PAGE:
(Updated Jan. 14, 2004)
Mars24 is a cross-platform Java application which displays a Mars "sunclock", a graphical representation of Mars showing the current day- and nightsides of Mars, along with numerical readouts of the time in 24-hour format. Other displays include a plot showing the relative orbital positions of Mars and Earth and a diagram showing the solar angle for a given location on Mars.
Mars24 cannot accurately determine the time on Mars unless your computer's time and time zone, and date are set correctly.
Please read the accompanying Technical Notes on Mars Solar Time for a more detailed discussion about the meaning of the various display values and for definition of Mars time units.
When first launched, Mars24 displays three windows: a settings window for controlling display options, a small display window showing the time on Mars and on Earth, and a large display window which can show either a sunclock map of Mars, an orbital positions plot, or a solar path plot for a location on Mars. If you close a window, you can make it visible again using the appropriate command in the Window menu. The Window menu also allows you to display the two help pages.
On most computers, closing all windows will cause Mars24 to quit. If you are using a Macintosh, however, you must use the Quit command in the application menu to exit the program.
When viewing either the time display window or the graphic display window, you may right-click (Windows, Linux) or control-click (Mac OS X) on the window content to bring up a popup menu (aka, contextual menu) which offers some choices on changing the display. Among these options is the ability to resize the window to one of several pre-defined sizes.
When you quit Mars24, it saves the settings of the various controls to a preferences file. The next time you use the program, it will open that preferences file and initialize the controls using the settings it finds.
If you would like to save several different configurations of the controls, you can use the Open and Save Settings commands in Mars24's File menu to do so. Saved settings files must be given the extension .m24. A few sample settings files are included with Mars24. (Macintosh users: if you doubleclick on a .m24 settings file, Mars24 will automatically open it.)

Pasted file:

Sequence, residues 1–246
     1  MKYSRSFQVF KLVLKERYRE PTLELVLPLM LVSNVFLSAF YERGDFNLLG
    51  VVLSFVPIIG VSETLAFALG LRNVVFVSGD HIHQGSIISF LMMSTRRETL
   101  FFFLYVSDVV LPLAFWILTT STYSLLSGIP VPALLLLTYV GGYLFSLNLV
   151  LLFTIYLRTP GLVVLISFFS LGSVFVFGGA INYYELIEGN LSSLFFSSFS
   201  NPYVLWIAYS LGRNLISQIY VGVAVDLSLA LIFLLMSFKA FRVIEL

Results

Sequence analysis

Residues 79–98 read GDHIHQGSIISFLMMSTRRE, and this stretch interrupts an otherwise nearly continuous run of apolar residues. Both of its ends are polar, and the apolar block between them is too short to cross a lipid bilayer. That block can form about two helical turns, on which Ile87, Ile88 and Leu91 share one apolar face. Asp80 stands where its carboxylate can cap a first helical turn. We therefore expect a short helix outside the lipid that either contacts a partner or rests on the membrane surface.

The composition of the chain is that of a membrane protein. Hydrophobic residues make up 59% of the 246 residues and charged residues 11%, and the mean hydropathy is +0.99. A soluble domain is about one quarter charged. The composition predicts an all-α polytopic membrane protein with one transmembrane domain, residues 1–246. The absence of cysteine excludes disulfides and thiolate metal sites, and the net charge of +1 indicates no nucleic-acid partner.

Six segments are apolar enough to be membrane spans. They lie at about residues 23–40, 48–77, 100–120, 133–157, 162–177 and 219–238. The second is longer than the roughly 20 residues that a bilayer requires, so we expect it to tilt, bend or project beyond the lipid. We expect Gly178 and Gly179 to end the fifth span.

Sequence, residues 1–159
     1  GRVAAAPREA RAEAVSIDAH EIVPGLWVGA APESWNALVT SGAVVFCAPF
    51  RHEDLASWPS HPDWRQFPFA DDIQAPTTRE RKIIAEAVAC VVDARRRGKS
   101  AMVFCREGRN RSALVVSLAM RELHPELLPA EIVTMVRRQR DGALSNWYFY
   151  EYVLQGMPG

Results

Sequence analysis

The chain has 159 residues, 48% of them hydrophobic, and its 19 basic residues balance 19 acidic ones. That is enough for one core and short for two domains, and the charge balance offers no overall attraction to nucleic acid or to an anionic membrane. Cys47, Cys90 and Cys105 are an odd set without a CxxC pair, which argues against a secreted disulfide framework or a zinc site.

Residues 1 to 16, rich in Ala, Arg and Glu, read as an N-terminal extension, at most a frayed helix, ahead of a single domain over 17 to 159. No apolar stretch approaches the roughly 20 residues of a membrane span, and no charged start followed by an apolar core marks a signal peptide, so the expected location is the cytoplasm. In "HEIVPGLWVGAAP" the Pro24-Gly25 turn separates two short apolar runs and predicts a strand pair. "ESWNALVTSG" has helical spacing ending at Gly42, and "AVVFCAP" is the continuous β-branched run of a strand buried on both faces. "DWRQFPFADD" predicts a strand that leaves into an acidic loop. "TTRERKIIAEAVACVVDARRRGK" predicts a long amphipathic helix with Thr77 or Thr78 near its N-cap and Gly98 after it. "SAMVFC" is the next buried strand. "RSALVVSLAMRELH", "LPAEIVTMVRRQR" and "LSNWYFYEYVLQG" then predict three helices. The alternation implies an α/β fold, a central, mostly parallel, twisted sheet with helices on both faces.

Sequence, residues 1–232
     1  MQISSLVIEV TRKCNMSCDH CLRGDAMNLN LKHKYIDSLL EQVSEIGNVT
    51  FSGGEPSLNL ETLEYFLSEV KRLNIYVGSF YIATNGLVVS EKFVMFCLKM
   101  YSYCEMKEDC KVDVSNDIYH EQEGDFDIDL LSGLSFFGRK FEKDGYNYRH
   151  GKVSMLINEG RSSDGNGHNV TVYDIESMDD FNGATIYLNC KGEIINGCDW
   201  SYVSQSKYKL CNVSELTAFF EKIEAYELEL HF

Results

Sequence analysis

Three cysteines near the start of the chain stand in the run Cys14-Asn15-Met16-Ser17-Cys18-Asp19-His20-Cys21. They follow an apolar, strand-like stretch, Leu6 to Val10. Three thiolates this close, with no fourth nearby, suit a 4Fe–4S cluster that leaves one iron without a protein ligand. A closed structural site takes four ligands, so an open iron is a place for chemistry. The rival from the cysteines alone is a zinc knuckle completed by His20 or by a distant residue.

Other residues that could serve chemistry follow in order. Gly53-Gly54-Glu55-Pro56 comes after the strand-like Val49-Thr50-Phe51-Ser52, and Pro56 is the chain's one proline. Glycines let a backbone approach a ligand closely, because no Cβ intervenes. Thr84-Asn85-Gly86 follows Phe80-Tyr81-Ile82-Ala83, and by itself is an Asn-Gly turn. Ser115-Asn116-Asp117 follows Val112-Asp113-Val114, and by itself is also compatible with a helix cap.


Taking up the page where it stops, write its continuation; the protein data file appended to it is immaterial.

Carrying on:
This window is divided into three tab panels: one tab allows you to specify how to display the time on Mars, the second to set the time on Earth, and the third to specify properties of the large graphical display. We'll start by taking a look at the second tab.
The Earth time settings tab gives you three choices for specifying what time on Earth should be used in making all the various calculations that Mars24 must perform, both in determining the Mars time and generating the various displays.
The first (default) Earth time choice is to use the current time, i.e., now, whatever "now" happens to be.
The second choice is to add some offset to the current time on Earth. For example, if you need information about the time on Mars exactly 100 Earth hours from now, you would select this option and enter "100" in the hours field. Note that when you select this option, the clocks in the time display keep on ticking, just offset from the current time by whatever amount have entered.
To find out the time on Mars that corresponds to a specific Earth time, you would select the third choice and enter a time of day in the first input field and a date in the second field. The time and date must be in UTC (Coordinated Universal Time), which is in everyday usage effectively the same as Greenwich Mean Time. Please note that the Java class which we use to parse the date entry is somewhat finicky about the format of the entered date. It understands common date notation such as "Dec. 25, 2003" but not ISO date format such as "2003-12-25".
Also on the Earth time settings tab is a checkbox which allows you to specify how you would like Earth date shown in the display windows. Normally it is shown in ISO format, i.e., "YYYY-MM-DD", but if you opt to show the date as day-of-year then the format changes to "YYYY-DDD".
The Mars time settings tab effectively gives you two choices, to either display the local time for some particular place on Mars or to display the mission time for one of the current lander projects. If you choose the first option, you also need to select a time format. When Mars24 is first launched, the default is to display the local mean solar time on the Mars prime meridian.